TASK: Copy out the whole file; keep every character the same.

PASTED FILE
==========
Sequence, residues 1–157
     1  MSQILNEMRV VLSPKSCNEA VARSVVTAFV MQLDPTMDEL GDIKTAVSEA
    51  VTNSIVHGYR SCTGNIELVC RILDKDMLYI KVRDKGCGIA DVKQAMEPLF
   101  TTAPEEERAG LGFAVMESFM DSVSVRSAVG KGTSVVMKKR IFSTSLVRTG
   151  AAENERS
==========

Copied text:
Sequence, residues 1–157
     1  MSQILNEMRV VLSPKSCNEA VARSVVTAFV MQLDPTMDEL GDIKTAVSEA
    51  VTNSIVHGYR SCTGNIELVC RILDKDMLYI KVRDKGCGIA DVKQAMEPLF
   101  TTAPEEERAG LGFAVMESFM DSVSVRSAVG KGTSVVMKKR IFSTSLVRTG
   151  AAENERS